His knock on her door was barely audible.  The dead bolt lock clanked its release, but the door remained closed. There was no way to gauge the reception he would receive.

            “Diana?”  His voice was just a whisper.

            “Come on in, Mike.  The door’s open.”  Her voice said she was just tired of the whole mess.  That’s often how she described their relationship, a mess.  She had changed into some jeans, which made the point about Mike always wearing jeans, and her favorite old, blue Yale T-shirt.  Diana was jabbing a spoon into a recently opened carton of chocolate chip ice cream that occupied the center of one of her wooden TV trays.  The container was new because a golf ball size hole had been carved in the center and the tear-open strip lay on the arm of Diana’s chair.

            “Honey, I’m so sorry.  I ran into this guy I’ve been looking for and when I tried to call to let you know, my cell phone was dead and I was doing 90 on the Dan Ryan.  Please, I wanted this to be a special evening.”  All this spewed out in one breath, before Mike stepped back and swallowed.  His throat felt as if someone had shoved a hair dryer down there and turned it on max.

            “Mike, do you like me?  I mean really like me?”  She showed him the tablespoon she was using to pick out the chocolate chips.  Mike recognized that since she was not in her best clothes, going out again was not an option.  “We’ve been together for over two years now, and I get the feeling we don’t communicate well.  We keep making dates and something always happens.  I know it’s not your fault entirely.  But good God, it never fails.  Last week we were talking and it was great.  A real conversation.  You were even looking at me.  We weren’t on a stake out or tailing someone.  Then your cell phone rang and you didn’t even hesitate.  You picked it up and I knew I’d have to take a cab home before you ever said one word.  I sometimes feel I’ve become Diana, the private investigatress.  And I know that’s not a real word.  It’s hard to be involved with anyone who is only halfway participating.”  Tears had started a slow drip into the ice cream.

            “It’s all my fault, Di.  Things happen so fast in my line of work that … ”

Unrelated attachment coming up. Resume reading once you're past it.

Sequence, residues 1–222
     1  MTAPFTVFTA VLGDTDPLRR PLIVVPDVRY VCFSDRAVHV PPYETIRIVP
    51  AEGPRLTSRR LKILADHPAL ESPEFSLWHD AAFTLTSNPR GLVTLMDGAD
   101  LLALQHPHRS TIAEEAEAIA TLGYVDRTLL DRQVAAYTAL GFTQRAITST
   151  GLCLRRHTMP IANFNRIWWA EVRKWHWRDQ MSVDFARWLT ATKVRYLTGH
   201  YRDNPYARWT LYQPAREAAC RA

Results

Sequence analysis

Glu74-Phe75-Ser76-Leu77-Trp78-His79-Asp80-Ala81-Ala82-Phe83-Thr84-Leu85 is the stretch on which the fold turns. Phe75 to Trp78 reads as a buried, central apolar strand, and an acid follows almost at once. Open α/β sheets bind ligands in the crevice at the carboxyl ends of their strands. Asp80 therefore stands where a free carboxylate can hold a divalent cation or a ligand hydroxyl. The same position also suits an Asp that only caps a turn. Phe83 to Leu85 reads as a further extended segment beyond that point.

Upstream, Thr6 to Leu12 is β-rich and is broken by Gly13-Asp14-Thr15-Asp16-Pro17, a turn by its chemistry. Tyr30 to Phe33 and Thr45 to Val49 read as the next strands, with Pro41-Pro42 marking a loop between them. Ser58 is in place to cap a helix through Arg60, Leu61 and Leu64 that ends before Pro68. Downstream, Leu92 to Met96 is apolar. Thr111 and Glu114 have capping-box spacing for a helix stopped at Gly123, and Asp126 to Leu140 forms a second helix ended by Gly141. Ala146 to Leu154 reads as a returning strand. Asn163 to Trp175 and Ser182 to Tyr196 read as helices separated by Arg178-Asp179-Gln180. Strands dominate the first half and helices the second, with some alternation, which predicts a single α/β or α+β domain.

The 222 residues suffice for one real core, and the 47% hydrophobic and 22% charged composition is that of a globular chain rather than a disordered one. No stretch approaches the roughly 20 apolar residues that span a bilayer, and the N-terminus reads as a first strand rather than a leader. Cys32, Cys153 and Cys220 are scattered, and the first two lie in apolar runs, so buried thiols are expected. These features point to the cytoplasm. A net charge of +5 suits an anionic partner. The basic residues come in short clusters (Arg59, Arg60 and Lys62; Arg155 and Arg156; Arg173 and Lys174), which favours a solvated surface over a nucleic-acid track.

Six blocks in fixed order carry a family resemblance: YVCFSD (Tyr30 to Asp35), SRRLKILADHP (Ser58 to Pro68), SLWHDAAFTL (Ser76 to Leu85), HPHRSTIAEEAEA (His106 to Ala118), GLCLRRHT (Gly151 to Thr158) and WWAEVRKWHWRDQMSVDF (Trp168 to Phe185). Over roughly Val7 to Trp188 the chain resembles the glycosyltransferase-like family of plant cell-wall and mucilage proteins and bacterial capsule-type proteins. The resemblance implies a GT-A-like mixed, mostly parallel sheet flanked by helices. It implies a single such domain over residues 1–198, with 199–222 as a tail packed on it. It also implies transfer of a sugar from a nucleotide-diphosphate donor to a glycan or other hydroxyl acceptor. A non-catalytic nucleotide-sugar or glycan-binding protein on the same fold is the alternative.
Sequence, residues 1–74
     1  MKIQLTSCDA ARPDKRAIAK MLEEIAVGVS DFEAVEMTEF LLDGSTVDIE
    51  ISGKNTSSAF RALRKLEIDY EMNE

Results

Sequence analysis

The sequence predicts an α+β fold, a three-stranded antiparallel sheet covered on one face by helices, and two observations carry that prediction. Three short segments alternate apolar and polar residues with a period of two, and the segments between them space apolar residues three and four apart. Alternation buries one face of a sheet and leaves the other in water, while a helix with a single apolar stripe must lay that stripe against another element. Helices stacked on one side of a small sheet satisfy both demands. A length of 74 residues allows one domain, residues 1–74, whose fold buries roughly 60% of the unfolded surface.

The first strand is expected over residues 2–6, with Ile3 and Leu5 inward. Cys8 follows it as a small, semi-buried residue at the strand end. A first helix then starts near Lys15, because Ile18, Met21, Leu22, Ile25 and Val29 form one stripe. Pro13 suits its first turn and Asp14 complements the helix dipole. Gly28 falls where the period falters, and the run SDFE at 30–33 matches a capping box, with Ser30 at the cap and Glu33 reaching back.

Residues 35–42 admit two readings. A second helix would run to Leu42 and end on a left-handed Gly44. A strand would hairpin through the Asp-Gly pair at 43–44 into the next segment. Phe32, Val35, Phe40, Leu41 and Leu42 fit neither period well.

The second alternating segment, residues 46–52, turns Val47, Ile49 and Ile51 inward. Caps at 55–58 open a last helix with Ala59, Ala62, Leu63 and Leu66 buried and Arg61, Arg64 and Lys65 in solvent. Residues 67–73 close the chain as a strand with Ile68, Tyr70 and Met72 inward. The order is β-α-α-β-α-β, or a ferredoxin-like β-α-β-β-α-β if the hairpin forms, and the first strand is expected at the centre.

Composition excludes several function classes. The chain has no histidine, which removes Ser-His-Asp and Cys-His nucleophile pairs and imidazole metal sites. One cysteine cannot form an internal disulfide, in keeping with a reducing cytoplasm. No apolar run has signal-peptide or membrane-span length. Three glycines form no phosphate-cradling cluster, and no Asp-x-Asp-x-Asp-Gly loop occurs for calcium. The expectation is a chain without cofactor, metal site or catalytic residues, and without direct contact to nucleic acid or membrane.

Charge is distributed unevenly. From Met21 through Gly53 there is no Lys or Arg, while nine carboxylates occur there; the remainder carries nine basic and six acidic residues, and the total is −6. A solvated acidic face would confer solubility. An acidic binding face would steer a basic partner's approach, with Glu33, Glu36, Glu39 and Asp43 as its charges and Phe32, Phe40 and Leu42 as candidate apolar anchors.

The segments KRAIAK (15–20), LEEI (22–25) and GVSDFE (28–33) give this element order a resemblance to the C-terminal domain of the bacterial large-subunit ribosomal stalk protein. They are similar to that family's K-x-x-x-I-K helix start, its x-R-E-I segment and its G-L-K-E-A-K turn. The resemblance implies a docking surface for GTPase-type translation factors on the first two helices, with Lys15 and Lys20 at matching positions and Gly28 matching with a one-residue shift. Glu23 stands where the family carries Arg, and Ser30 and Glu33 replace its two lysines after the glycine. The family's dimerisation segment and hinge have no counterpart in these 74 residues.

“There it is.  The real problem.  Your line of work.  Mike, you’re a smart guy.  One of the smartest I know.  You could do anything, and here you are a PI.  Why are you wasting your life?”  Mike would rather have faced Ferlin again than rehash this conversation.  He knew the ice cream was Diana’s way of dealing with anxiety.  Then she could blame any weight gain on him because she had sworn off the delicacy two weeks ago when she’d taken up one of the latest diet fads.

            “If you want me to, I’ll quit.  I mean it.  I’ll quit.”  Mike had said that before.

            “That’s all I’d need.  To feel guilty every time I look at you and know I was the cause of you giving up your passion.  Don’t put me in that position.  I don’t want you to do it for me, but for you.  If you can’t honestly say you want to give it up …    I’m afraid we’re just not ever going to work out.  Oh, blast.”  Diana’s spoon slipped out of the hard, frozen desert and landed on the expensive carpet.  She leaned down to pick up the spoon and almost tipped the tray over.    

            “I’m sorry.”  Mike wished he could say something eloquent.

            “I almost had a heart attack just now, when you told me you were shot at.  I won’t be the woman who sits at home waiting to hear her man was a hero, but he died in the line of duty or some other such crap.  I care too much for you to ask you to give up your job.  I tried to ignore the danger you face, but I can’t.  I think we should part friends and go our separate ways.”  She stared up at Mike with another spoonful heading for her hips, as she so often said, curled up in her favorite genuine leather easy chair.  She looked beautiful, and Mike knew he couldn’t live without her.

            “Please, Di, let me try to find something else.  I don’t want to lose you.”

            “You wouldn’t be happy doing anything else, Mike.  And I’d never want to be responsible for making you give it up.  No, I think it’s better if we just call it quits.  I care about you very much, but I know I couldn’t ever be comfortable about your job.  It would eventually tear us apart.  I wish you only the best, Mike, and we’ll always be friends.”  She turned back to prying another chip out of the carton, signaling she was finished talking.